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Cross-posted to my blog.

The Giving What We Can pledge serves as a useful way to commit to donating 10% (or more) of your income, and probably also helps show by example that donating this much money is a reasonable and achievable thing to do. I believe it serves as a useful way to commit yourself to donating if you suspect that your commitment might waver. But there are some considerations against signing the pledge, and these considerations look particularly persuasive if you already have a strong commitment to helping the world.

Some of this might be obvious, but I think it’s worth discussing—people often talk about why you should take the pledge but rarely talk about under what circumstances you shouldn’t, and the pledge isn’t the right choice for everyone. These counterpoints I raise don’t cover everything; I’m mostly drawing on my own personal experiences, and I’m sure other people have experiences that I haven’t had.

Losing flexibility

The more you donate, the less money you have to spend on other things, and the tighter your budget becomes. Maybe you’re earning more money than you need, in which case you can donate all your spare income with no trouble.

But it’s important to remember how your money needs will change over time. Maybe you will have no problem keeping up your donations for the next few years, but things could change. You might decide to have children, which will dramatically increase your expenditures (although some people with kids still donate a lot). You might start a startup or a non-profit, or take a job at a non-profit where you won’t be making much. Many people consider pledging in college, when it’s hard to anticipate your expenses as a young adult, and anyone at any age can have unexpected medical expenses or life-changing circumstances. Before you commit to donate some amount of money, make sure you will still be able to afford it in the future.

Most people’s expenditures increase throughout their lives but their income increases as well, so they shouldn’t have a problem keeping up the same rate of donation. That said, do consider whether you expect your income to increase as much or more than your spending.

People might be reluctant to take a job doing direct work if that would compromise their ability to fulfill their pledge. Since there are a lot of opportunities to do good in direct work that may be more valuable than donating 10%, we wouldn’t want to discourage the former in pursuit of the latter.

Overjustification effect

I recently caught myself following this chain of reasoning:

  1. I would like to donate a sizable chunk of my income in 2017 because donating money helps the world.
  2. I pledged to donate 20% of my income, so I need to donate at least $25,000.
  3. Therefore I will donate $25,000, because I pledged that I would.
  4. If I donate $25,000, max out my 401(k), and exercise my stock options, I will have negative cash flow for 2017. That is bad.
  5. Of these three big expenditures, the pledge is the least important, since keeping my word on something like this doesn’t matter as much as being able to retire comfortably. So maybe I should donate less.1

This reasoning obviously doesn’t make sense—I initially wanted to donate because I thought it would help the world, not just because it’s what I said I would do. But after I promised to donate 20% of my income, I forgot my original motivation and only thought about the pledge.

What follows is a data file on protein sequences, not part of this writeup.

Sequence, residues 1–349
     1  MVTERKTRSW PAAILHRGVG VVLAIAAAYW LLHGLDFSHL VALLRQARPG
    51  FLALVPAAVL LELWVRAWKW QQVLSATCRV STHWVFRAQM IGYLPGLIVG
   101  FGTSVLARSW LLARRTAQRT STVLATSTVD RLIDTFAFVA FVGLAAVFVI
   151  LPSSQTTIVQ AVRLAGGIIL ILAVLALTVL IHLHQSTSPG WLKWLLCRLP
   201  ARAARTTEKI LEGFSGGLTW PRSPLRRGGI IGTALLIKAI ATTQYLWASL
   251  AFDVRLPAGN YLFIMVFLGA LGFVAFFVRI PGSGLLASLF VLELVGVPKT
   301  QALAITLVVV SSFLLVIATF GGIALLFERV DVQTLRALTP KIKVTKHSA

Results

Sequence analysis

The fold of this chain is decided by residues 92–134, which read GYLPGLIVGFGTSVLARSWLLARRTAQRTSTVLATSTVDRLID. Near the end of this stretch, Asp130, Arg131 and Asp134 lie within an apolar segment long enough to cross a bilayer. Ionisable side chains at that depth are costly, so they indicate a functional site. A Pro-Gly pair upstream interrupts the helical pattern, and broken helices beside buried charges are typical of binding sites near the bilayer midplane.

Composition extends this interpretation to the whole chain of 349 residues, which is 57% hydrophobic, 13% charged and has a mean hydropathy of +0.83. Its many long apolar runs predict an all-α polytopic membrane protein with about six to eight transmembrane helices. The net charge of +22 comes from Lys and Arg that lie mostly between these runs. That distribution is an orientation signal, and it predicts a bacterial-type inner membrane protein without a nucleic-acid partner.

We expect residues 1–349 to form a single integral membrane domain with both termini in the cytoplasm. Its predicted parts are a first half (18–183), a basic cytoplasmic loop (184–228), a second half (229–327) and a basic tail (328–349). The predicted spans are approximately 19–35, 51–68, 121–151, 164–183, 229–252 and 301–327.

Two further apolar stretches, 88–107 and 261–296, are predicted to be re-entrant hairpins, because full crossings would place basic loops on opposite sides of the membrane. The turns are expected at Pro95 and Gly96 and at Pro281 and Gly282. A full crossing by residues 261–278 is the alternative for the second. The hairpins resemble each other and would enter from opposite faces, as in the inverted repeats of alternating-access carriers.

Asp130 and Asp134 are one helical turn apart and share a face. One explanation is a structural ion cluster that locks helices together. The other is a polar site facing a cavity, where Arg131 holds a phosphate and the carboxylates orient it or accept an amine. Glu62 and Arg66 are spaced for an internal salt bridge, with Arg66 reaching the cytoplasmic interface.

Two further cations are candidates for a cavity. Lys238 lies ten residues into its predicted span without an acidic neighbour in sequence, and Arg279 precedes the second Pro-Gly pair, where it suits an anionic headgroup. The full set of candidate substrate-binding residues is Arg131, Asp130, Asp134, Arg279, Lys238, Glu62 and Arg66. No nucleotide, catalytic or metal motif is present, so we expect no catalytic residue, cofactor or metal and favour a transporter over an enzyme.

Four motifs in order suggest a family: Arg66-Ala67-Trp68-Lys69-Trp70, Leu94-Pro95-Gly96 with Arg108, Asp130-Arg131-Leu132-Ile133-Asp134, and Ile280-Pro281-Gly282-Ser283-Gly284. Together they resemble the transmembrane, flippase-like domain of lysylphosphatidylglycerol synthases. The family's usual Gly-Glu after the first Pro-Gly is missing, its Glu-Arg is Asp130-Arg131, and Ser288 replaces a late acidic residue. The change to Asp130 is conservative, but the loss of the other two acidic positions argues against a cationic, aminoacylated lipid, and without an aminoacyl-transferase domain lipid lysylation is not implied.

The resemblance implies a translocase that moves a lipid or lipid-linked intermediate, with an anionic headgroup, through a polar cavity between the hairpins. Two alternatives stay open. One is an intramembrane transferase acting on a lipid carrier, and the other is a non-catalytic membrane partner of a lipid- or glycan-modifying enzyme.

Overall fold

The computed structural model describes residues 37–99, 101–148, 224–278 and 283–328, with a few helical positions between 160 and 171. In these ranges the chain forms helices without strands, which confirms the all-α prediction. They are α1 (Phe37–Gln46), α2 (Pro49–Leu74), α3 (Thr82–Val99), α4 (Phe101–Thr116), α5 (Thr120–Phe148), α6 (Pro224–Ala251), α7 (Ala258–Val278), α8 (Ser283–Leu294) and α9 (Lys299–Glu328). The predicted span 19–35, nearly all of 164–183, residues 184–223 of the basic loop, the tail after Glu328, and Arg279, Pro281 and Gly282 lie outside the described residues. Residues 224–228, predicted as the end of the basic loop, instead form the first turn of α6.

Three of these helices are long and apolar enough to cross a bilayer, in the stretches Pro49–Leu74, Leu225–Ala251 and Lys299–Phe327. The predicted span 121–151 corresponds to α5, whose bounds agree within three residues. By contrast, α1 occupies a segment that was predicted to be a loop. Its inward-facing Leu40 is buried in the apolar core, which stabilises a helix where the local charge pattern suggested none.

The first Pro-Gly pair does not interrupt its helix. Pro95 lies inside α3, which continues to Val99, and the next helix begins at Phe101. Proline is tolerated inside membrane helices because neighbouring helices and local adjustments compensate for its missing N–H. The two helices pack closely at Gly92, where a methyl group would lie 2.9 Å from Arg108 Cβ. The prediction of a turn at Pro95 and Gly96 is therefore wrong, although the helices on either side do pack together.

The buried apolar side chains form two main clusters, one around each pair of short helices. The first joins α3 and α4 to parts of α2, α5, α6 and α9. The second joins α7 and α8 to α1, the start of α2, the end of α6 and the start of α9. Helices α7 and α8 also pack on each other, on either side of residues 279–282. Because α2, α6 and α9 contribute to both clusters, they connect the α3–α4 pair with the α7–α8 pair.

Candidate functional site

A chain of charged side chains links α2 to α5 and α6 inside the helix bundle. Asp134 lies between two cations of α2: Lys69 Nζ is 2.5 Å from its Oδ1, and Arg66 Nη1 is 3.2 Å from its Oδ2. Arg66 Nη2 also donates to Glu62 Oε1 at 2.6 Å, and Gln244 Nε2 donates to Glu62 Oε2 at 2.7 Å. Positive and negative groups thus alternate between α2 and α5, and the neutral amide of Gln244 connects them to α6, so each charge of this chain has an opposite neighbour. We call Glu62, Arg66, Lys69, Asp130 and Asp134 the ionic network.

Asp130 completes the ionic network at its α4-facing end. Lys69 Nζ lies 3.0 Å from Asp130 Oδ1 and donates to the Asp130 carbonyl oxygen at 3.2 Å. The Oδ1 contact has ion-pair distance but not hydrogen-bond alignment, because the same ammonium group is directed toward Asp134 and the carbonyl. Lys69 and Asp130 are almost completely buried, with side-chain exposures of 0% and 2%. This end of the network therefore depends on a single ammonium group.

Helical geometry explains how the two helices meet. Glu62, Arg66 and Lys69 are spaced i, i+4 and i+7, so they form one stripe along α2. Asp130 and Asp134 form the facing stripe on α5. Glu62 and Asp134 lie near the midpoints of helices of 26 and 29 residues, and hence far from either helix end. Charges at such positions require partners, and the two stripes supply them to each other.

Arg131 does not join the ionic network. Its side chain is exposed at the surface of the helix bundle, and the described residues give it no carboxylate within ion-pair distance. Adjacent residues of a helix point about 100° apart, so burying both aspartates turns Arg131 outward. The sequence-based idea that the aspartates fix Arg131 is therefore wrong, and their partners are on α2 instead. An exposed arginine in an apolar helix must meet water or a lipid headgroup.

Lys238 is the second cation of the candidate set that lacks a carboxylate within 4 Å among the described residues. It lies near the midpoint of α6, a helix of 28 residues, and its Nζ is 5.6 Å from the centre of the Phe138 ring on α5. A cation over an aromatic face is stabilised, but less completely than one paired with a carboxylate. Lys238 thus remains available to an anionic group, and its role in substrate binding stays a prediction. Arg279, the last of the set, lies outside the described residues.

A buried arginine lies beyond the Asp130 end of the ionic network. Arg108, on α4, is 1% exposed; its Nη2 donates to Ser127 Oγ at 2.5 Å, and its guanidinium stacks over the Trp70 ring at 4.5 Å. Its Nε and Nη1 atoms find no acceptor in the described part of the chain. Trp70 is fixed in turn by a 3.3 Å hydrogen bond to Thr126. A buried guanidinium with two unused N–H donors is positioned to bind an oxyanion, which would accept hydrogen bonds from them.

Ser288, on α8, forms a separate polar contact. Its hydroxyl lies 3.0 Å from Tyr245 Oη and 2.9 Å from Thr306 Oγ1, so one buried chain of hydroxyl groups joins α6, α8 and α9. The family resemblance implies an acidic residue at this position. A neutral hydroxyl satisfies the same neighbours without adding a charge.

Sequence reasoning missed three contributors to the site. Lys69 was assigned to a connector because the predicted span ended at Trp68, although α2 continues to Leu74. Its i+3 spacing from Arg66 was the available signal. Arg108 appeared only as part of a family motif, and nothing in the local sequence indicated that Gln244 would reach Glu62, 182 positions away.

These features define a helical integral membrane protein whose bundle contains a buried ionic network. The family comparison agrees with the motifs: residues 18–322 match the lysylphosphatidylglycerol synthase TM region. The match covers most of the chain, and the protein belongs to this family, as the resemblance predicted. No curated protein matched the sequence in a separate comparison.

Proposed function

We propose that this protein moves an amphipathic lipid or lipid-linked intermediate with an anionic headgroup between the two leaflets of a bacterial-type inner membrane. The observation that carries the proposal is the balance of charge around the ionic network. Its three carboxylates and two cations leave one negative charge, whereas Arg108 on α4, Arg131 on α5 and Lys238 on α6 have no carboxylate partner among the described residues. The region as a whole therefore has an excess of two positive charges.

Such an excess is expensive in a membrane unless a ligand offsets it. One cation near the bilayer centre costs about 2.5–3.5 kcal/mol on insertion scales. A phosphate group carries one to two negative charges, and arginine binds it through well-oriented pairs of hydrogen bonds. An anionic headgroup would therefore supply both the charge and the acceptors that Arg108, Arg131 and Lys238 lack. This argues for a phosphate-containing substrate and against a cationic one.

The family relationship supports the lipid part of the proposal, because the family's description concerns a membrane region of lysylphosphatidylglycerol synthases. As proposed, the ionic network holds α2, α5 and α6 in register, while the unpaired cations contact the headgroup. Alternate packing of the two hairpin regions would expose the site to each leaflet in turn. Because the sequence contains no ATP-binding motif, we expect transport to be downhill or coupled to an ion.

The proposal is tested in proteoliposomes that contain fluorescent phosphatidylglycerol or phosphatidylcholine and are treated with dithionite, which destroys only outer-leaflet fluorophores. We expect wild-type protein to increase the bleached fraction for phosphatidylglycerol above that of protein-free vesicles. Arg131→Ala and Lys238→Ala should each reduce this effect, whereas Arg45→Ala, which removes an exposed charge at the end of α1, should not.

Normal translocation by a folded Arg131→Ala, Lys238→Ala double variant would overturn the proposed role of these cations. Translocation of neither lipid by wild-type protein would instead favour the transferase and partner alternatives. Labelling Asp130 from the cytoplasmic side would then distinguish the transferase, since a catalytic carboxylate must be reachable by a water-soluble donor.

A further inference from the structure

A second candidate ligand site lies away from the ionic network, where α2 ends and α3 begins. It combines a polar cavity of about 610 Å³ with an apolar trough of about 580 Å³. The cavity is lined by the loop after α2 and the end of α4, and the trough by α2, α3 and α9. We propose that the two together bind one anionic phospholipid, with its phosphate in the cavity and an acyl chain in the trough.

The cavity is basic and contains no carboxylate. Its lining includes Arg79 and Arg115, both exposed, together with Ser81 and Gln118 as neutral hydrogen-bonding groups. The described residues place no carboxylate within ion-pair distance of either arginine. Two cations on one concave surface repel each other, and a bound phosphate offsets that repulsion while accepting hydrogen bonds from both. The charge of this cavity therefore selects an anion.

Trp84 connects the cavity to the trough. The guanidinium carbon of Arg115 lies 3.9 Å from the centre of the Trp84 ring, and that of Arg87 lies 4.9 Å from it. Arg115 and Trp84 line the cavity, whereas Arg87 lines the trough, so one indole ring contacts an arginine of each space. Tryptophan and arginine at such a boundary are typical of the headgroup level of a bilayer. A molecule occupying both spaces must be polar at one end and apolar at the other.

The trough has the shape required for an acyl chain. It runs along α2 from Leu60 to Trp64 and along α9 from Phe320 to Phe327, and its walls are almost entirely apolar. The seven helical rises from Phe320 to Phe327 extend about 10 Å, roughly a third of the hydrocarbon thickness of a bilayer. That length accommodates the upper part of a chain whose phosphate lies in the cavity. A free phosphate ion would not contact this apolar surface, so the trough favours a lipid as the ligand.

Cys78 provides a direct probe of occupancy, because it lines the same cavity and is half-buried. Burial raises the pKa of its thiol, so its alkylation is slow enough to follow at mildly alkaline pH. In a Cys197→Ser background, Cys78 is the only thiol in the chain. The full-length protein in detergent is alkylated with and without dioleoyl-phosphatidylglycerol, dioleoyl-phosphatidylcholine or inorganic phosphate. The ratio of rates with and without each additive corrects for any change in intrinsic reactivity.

This is a version of the overjustification effect: if you get an extrinsic incentive to do something, it reduces your intrinsic motivation. I saw this happen to myself when taking the pledge reduced my intrinsic motivation to donate. Fortunately, I figured out what happened and reminded myself that donating money has inherent value and it’s not only about keeping a promise.

So even though you give yourself an external incentive to increase your commitment to doing a good thing, sometimes it can paradoxically decrease your commitment by reducing your intrinsic motivation. This could even reduce how much you donate—perhaps you would have donated 15%, but since you pledged to donate 10%, now you only donate the amount that you committed to.


I believe that people usually should take the Giving What We Can pledge. Most people in the effective altruism community donate less than 10% of their income—if more people took the pledge, we would see more donations, which would help the world. If you suspect that your future commitment to doing good may waver, you could take the pledge as a way to keep yourself on track. But before you do take it, consider some relevant factors:

  1. Are you going to need a lot of money at some point in the future, such that it will become harder for you to keep donating as much?
  2. Might you want to focus a lot of time on doing good in some way that prevents you from making much money, such as starting a non-profit; and if so, would you be able to continue donating the same percentage of your income?

I expect most people should be able to donate 10% of their income (although I’m not in a great position to judge since I have been lucky enough never to have to live on a low salary). I pledged to donate 20% of my income, and while I expect that I will always be able to donate that much, it does substantially limit me in some ways—most obviously, it makes it harder for me to switch to a job that pays a low salary. I regret pledging to donate this much, and perhaps I should not have pledged at all. I do place high value on keeping my word, so the Giving What We Can pledge could potentially help keep me committed; but I was already committed to donating and probably would have donated as much if I had not signed the pledge, so signing it only imposed limits on me without providing any benefits.